TATE: On Malevich
A few days ago I dragged a good friend of mine to the Malevich exhibition at TATE Modern in London. He’s studying some pretty fancy computing stuff at university and doesn’t take an interest in art unless I’m around.
Malevich’s work is pretty far out, and without a good book in front of you it can be difficult to understand at the best of times. His abstract shapes and simple colours do not usually fall under what many of my friends consider to be ‘art’ and this could be said for Chris. He just didn’t get it. As we wandered between the rooms I began to feel undermined by my lack of knowledge on the subject and my inability to explain it to Chris. I had studied him a little in the last year but my interest and reading had been with Constructivism. I was reminded what it was like to walk around and gallery or exhibition blind.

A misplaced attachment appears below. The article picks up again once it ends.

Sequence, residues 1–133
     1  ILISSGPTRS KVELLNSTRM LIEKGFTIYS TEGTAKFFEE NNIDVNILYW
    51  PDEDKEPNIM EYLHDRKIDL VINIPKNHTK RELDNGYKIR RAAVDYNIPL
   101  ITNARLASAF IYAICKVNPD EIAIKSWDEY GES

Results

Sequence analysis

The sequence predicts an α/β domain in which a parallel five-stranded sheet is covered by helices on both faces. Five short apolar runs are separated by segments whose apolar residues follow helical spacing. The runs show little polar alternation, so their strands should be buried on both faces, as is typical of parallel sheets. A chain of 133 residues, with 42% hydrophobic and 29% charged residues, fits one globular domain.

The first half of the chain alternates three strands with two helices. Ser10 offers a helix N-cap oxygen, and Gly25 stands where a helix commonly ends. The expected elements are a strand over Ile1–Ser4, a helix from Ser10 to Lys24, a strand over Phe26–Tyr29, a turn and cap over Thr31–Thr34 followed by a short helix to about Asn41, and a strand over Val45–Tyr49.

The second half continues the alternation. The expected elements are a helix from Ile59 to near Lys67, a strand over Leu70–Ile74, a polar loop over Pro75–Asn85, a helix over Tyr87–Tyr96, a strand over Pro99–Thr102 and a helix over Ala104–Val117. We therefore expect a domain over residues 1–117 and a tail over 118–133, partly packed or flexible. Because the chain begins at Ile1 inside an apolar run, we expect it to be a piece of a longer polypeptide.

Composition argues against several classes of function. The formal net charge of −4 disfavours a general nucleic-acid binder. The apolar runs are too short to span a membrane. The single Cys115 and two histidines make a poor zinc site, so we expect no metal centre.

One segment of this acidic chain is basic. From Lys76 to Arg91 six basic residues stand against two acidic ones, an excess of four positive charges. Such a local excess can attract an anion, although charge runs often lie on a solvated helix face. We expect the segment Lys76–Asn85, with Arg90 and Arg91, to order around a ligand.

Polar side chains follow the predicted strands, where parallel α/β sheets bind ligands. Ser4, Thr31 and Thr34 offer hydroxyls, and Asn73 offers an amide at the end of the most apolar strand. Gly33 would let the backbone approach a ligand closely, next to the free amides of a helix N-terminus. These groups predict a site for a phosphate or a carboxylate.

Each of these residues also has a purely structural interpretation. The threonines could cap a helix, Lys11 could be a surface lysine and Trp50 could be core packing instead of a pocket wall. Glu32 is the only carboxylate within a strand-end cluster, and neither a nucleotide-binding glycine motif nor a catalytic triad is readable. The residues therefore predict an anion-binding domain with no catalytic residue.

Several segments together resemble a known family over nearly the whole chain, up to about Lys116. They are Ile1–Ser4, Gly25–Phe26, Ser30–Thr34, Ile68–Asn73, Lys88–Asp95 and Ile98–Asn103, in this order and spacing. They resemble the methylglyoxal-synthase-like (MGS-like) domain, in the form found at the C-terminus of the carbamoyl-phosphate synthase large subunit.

The gallery had provided us with a small pamphlet each and had written the same information on the walls, but that was it. Futurism, Cubism and Supremitism were all mentioned but not in detail, and without any examples. I appreciate that the exhibition was an artistic biography of the man but I felt some art historical context would have been appreciated. In fact some context would have been helpful with the art scene in Russia alone as the Constructists went unmentioned.
Although it was a wonderful exhibition I couldn’t help but feel the TATE fell into old pitfalls in modern art. All the unexplained isms and the years of theory that went unmentioned left the average viewer a little underwhelmed. It was inaccessible and makes me wonder how we ever expect the public to ‘like’ modern art if we never give them a chance to understand it? Unless that’s the point.